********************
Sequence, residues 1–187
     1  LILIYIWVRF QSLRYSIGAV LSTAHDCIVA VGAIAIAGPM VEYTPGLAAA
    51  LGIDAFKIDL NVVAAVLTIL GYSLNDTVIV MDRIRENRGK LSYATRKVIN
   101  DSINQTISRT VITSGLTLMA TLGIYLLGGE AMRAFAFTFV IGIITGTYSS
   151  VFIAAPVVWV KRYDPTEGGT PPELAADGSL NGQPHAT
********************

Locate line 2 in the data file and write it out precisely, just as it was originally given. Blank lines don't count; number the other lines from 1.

     1  LILIYIWVRF QSLRYSIGAV LSTAHDCIVA VGAIAIAGPM VEYTPGLAAA